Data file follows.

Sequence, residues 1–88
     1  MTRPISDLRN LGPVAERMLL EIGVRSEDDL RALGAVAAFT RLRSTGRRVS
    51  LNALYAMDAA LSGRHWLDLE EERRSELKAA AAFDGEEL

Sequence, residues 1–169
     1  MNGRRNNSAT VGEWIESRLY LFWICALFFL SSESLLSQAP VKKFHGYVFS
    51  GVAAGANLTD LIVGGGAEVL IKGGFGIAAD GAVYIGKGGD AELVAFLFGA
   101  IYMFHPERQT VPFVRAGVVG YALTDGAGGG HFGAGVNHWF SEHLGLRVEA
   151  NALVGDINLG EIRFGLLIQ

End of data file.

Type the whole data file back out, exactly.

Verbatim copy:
Sequence, residues 1–88
     1  MTRPISDLRN LGPVAERMLL EIGVRSEDDL RALGAVAAFT RLRSTGRRVS
    51  LNALYAMDAA LSGRHWLDLE EERRSELKAA AAFDGEEL

Sequence, residues 1–169
     1  MNGRRNNSAT VGEWIESRLY LFWICALFFL SSESLLSQAP VKKFHGYVFS
    51  GVAAGANLTD LIVGGGAEVL IKGGFGIAAD GAVYIGKGGD AELVAFLFGA
   101  IYMFHPERQT VPFVRAGVVG YALTDGAGGG HFGAGVNHWF SEHLGLRVEA
   151  NALVGDINLG EIRFGLLIQ